“Argentina could be and should be between the main cellulose exporters countries”

(Photo: Marcos Pereda, chairman of Grupo Bermejo, in the LIDE agribusiness summit)

Buenos Aires. This Thursday, October 18th, LIDE Argentina, an association formed by leaders of largest local companies, celebrated its annual agribusiness meeting with the presence of prominent businessmen like Gustavo Grobocopatel (CEO of Grupo Los Grobo), Ezequiel Garbers (Adecoagro, farming and dairy), Joaquin de Grazia (Granja Tres Arroyos, poultry production), Pablo Paladini (Frigorífico Paladini, pork), Martin Constantini (Frigorífico Rioplatense, beef) and Marcos Pereda (Grupo Bermejo, livestock, farming and forestry).

The eFarmNewsAr.com was a media sponsor of the summit in association with RIA Consultores, our mothership, and we assisted to the presentations. In this occasion, we consider as relevant to comment the Marcos Pereda’s talking on the forestry situation in Argentina.

He said that there are 1.3 million hectares of planted forest in the country, mainly eucalyptus and pinus, and in the Mesopotamia region (Entre Ríos, Corrientes and Misiones provinces). Mr. Pereda said that the country has a high productivity forest rate; it demands 9 years from planting to cutting, one year more than in Brazil but a year minus than in Uruguay.

But there are not industries in Argentina, basically cellulose plants, as there are in these two countries. “Today, Brazil, Uruguay and Chile provide 30% of the world cellulose exports and Argentina could be in this selected countries group” Mr. Pereda explained to the audience.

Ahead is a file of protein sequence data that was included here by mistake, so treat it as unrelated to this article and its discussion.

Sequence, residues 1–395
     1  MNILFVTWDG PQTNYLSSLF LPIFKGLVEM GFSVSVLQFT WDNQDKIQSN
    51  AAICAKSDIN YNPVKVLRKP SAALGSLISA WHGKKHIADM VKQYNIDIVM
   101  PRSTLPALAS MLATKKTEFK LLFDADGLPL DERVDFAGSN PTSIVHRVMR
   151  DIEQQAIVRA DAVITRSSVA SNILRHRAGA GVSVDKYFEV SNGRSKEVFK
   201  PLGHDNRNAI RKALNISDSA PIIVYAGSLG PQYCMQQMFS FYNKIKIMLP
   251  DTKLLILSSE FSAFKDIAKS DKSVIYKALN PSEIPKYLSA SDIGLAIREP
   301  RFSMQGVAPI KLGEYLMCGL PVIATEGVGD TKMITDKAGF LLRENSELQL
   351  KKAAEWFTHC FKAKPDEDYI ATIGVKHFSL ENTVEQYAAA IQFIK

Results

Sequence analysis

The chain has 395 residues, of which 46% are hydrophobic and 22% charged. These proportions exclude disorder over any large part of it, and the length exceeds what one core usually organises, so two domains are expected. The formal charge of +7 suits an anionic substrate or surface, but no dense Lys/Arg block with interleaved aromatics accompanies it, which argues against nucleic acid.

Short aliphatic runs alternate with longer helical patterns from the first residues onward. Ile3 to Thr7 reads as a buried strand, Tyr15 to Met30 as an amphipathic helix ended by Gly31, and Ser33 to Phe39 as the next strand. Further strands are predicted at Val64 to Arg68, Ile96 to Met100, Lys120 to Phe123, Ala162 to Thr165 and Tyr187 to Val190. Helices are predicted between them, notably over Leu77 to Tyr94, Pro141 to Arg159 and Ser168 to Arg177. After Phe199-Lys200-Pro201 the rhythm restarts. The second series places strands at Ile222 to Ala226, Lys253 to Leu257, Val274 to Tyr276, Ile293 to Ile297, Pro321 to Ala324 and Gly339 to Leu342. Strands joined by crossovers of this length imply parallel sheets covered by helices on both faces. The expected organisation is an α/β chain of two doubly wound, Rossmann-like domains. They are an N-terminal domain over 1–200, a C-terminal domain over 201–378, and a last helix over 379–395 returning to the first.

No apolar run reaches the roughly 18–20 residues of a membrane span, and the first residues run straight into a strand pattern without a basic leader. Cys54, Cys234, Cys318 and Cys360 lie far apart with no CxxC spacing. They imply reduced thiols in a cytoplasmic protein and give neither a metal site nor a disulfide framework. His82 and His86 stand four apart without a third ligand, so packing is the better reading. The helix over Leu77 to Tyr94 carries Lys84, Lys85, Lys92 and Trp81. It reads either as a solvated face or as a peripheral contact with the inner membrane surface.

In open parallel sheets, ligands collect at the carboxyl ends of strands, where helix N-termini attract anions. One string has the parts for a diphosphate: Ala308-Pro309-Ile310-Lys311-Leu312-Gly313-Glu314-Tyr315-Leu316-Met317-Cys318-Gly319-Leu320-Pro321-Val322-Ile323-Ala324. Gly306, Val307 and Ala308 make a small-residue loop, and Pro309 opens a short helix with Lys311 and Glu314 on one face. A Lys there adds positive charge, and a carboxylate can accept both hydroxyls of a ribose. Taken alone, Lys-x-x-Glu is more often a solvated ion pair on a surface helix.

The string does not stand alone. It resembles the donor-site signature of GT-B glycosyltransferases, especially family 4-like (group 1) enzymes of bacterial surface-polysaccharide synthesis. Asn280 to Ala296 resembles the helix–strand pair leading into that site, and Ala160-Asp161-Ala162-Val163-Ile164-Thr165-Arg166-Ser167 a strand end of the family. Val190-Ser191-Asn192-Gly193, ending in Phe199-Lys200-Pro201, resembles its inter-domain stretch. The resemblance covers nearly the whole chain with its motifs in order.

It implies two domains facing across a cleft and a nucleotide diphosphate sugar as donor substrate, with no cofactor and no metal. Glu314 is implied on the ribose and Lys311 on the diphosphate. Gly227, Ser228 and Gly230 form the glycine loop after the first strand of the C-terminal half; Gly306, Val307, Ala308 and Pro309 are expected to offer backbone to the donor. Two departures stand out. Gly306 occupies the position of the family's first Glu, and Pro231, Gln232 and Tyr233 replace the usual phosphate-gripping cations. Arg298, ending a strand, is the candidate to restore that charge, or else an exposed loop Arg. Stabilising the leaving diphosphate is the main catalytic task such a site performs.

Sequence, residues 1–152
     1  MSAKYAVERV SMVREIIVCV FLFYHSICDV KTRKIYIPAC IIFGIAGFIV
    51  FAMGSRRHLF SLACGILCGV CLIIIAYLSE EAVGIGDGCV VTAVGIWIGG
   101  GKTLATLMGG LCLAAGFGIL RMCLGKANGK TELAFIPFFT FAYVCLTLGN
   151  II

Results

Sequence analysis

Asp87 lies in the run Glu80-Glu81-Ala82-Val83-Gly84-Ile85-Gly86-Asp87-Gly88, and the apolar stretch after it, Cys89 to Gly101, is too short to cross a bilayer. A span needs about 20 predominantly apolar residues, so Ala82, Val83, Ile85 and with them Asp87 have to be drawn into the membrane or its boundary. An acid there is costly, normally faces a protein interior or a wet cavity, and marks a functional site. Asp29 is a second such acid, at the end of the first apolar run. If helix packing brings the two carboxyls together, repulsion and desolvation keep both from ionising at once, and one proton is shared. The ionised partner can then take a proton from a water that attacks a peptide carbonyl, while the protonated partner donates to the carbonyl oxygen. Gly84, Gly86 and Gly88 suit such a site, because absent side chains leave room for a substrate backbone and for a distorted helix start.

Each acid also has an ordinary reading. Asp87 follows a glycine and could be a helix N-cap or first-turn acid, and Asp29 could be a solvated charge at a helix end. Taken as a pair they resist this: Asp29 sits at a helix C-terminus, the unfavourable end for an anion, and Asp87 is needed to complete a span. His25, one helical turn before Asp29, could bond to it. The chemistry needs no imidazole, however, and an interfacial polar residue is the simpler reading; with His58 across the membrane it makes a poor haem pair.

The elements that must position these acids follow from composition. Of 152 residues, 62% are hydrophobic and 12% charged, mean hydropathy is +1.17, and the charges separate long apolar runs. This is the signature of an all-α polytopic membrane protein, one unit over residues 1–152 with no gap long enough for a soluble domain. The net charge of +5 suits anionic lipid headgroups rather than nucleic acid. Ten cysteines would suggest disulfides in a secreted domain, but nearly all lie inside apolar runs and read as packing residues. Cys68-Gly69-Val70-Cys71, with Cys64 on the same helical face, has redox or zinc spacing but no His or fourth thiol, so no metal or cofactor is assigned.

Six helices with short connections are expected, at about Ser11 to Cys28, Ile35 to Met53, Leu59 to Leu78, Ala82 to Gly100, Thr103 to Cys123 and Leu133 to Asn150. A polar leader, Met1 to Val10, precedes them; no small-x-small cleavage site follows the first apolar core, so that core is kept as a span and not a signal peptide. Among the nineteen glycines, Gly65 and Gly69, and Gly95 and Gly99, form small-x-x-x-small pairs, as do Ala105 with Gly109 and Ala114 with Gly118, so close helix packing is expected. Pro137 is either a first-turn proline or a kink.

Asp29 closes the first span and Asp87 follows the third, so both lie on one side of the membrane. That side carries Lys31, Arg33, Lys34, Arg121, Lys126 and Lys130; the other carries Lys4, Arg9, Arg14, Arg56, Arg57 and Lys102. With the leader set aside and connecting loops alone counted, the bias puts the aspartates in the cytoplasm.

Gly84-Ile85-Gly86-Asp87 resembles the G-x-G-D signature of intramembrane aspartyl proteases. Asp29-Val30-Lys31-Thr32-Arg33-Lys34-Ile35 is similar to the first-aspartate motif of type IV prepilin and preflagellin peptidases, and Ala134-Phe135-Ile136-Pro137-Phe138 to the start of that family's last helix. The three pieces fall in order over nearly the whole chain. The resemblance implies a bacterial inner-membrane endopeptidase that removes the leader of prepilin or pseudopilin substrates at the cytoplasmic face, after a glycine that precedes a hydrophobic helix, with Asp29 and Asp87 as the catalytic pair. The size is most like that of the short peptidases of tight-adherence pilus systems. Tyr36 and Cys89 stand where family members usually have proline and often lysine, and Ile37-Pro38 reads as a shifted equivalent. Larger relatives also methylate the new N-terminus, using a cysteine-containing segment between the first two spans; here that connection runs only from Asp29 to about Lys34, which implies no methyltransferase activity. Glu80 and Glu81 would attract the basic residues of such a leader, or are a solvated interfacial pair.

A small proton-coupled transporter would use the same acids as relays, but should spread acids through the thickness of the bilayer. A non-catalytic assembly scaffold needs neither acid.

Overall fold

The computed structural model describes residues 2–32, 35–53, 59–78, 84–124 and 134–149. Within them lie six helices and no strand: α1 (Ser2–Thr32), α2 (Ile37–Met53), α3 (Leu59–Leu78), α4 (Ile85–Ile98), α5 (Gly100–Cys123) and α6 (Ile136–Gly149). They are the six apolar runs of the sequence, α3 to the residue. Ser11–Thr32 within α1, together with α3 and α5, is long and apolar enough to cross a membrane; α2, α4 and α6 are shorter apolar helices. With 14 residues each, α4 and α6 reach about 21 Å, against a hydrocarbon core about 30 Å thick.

The lack of cellulose industries in the country are leading to an unusual situation: while annual wood production is estimated 20 million cubic meters, half of them is leaving in the trees because there is not processing capacity. At the same time, Argentina imports paper and has a foreign commercial deficit of US$600 million due to this lack of industrial capacity.

“It is reasonable to have 4 million hectares of planted forest in the country, but we would need between four to six cellulose plants with a million tons per year of capacity. Currently, with 1.3 million hectares yet we need two plants as Uruguay have. Think about this: each plant generates 1.5 billion dollars of annual revenues; this has a great impact on the local economies”, Mr. Pereda opines.

Pereda, chairman of the Grupo Bermejo, explained that due to the wood tonne has a low price, freight cost has a huge impact on the business profitability and it is absolutely necessary that it be processed in the origin. He added that the local forestry industry is working with governmental branches to create a business plan to 2030, and develop a competitive cluster.

After its lecture, www.eFarmNewsAr.com asked Mr. Pereda why there was no investment in the cellulose industry in Argentina. He observed that these investments required around US$1.5 billion per plant, and that similar investment needs a juridic and legal framework that provides certainty to the investors. “Actually, there is a restriction with the Land Act, that impedes to foreign investors to access to the landowning, a basic condition to analyses seriously a cellulose investment”, Mr. Pereda answered.

Contact Marcos Pereda: [email protected]


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